Tuesday, 30 July 2019

Bundara Wilderness

Well the last couple of weeks have been tough and emotional as we bid our last goodbyes to mum, and then organised her funeral and wake at dad's last week. Lots of tears, lots of old friends, lots of heartfelt words, and some relief in a way that she was finally at peace after such a long battle. We certainly crammed a lot in over the four years since her first diagnosis, and despite feeling a bit overwhelmed and destitute, I knew that I had to finally get up to my mountains for some solitude and soulfulness, knew that I would find her there, and find a bit of peace myself. 
Despite a pretty lousy snowpack for this time of year, I knew there'd be enough for where I wanted to get to, which is a high plateau south of the Bogong High Plains separated by the Bundara Catchment. I'd last visited this area a couple years back in summer, and found several copses of ancient snow gums that I wanted to revisit. I headed off from DP, down Brandy to the Cobungra which was cold, fast, slippy and up to my waist. The trail up Paling needs a haircut - it was indistinct and almost impassable at times with a 20kg pack and skis, and I couldn't get ski-touring properly until 1500m. The rolling grounds all the way from Paling to Young's Hut was very pretty except for the bits that had been completely cut up by half a dozen skidoos doing circle work, possibly the same bogans who took a chainsaw to the Mt Stirling tree. It's frustrating that this can happen in a designated wilderness zone.
I dumped my stuff in Young's and then climbed up to Mt Jim and a stunning sunset amongst some of the oldest and most awesome snow gums in the universe. One particular copse of 6 trees could actually all be the same tree, and possibly as old as 500 years. Their forms and colours are so extraordinary, aliens, that I can hang around them for ages - like being in a sculpture gallery (and seemingly with a decent firebreak), and it gives me great comfort to know that they are there.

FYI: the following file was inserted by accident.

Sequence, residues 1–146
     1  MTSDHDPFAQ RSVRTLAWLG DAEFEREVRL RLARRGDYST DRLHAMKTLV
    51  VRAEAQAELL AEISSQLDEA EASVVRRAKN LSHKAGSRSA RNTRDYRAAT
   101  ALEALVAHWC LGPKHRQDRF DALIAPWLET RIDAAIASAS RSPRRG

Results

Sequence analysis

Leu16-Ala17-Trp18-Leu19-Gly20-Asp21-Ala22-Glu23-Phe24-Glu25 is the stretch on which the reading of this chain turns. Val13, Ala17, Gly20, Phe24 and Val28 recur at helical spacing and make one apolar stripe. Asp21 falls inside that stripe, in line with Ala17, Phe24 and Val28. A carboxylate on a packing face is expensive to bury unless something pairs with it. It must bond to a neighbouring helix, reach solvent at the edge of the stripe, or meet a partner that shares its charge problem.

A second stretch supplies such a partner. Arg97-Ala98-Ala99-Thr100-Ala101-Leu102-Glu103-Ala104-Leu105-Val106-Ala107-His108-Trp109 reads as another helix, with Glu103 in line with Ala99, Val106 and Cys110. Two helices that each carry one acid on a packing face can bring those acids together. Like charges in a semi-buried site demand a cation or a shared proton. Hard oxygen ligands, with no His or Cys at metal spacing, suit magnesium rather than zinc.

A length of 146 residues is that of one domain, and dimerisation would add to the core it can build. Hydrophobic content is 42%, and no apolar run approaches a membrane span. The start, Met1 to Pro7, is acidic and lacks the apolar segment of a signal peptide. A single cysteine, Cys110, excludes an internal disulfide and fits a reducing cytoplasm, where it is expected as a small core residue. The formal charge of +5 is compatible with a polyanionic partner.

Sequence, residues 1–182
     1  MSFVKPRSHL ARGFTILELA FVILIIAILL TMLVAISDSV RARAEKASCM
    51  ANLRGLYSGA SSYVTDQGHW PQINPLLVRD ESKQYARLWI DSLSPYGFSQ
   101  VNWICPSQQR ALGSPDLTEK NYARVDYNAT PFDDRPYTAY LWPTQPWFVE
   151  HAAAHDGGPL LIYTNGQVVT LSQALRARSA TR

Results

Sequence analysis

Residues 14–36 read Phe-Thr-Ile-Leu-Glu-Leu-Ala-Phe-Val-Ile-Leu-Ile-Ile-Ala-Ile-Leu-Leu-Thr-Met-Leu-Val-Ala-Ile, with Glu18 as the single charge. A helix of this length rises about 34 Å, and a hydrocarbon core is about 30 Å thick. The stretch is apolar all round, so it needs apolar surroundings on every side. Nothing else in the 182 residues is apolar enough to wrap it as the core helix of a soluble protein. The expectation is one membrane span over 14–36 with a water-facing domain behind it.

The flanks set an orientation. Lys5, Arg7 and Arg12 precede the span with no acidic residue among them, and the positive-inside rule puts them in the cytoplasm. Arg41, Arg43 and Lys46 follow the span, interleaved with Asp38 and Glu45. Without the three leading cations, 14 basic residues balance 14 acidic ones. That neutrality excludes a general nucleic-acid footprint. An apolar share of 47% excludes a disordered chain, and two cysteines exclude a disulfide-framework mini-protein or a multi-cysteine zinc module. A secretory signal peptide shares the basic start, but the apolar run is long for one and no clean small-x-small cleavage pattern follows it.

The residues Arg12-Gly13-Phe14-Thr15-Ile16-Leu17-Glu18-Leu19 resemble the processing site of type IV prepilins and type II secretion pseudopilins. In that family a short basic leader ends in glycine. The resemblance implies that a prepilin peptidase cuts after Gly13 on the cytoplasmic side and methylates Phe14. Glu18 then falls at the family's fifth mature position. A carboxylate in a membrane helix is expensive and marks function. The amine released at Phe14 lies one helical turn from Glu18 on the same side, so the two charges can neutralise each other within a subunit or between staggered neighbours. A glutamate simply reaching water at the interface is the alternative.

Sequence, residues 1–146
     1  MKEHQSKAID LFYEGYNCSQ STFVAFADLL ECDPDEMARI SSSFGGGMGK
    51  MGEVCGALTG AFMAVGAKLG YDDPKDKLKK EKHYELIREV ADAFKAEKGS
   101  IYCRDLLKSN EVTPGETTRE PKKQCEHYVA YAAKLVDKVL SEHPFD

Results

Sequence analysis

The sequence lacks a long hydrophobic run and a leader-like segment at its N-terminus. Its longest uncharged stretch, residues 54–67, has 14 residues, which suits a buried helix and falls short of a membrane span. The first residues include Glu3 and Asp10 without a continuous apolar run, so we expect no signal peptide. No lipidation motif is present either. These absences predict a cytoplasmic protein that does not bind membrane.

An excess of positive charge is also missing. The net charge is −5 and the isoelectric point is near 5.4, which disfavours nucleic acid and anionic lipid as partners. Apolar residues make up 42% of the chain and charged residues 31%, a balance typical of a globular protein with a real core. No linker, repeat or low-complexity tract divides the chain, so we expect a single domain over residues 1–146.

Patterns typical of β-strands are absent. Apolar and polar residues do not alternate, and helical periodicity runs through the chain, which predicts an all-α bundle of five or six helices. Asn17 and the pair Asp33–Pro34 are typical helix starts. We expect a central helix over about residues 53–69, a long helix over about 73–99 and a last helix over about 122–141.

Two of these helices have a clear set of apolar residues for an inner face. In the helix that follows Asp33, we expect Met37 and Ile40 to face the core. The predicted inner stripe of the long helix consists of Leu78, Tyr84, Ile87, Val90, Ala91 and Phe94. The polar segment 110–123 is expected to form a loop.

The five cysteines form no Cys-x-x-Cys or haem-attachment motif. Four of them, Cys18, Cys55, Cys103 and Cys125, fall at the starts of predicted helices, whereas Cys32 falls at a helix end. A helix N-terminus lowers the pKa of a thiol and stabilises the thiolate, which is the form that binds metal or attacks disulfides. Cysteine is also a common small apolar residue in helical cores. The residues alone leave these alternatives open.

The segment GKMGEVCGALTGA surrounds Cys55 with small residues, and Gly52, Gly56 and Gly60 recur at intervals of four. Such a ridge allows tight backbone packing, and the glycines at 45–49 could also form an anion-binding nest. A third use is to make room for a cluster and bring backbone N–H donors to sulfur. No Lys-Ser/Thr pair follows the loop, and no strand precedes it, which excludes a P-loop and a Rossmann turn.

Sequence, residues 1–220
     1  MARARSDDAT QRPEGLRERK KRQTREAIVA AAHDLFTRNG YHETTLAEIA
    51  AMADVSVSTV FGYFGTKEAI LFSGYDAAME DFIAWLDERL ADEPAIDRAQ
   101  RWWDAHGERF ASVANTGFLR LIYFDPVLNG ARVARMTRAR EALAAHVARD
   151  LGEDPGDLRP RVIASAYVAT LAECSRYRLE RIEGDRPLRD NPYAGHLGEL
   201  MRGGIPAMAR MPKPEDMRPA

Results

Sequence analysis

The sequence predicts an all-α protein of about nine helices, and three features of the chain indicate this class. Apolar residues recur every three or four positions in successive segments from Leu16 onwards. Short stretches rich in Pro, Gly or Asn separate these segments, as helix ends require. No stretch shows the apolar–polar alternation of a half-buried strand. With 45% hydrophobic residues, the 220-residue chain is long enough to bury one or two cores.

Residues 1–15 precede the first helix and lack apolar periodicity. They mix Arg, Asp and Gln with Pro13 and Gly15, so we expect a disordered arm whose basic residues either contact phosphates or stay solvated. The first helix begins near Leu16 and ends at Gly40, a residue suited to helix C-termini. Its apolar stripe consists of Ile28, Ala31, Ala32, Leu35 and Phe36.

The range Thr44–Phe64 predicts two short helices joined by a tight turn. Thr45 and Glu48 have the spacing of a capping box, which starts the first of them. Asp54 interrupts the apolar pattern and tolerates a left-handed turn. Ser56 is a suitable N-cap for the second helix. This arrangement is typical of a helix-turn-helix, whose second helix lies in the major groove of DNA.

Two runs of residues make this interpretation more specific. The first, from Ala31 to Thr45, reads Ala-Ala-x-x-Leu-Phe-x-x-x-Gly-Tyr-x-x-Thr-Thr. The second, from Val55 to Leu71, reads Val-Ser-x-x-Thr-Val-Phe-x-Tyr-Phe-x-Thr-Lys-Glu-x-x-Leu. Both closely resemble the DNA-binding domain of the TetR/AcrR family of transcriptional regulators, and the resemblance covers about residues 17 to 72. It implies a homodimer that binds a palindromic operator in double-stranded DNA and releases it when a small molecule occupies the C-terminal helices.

The night was freezing with lots of marsupials, and little sleep. However the sunrise the following morning was magical. Mist rising up from the Bundara Valley was freezing and coating everything in fine crystals, but also creating a "snowbow" phenomenon, and I could feel Annie's presence all around me. It was all very beautiful, surreal and wonderful.
I skied north, almost to the Jaimathangs,  then down to Westons before retracing my steps all the way home. Whilst planning for a 2 night outing, rain was forecast, so I stayed the second night back at DP.  


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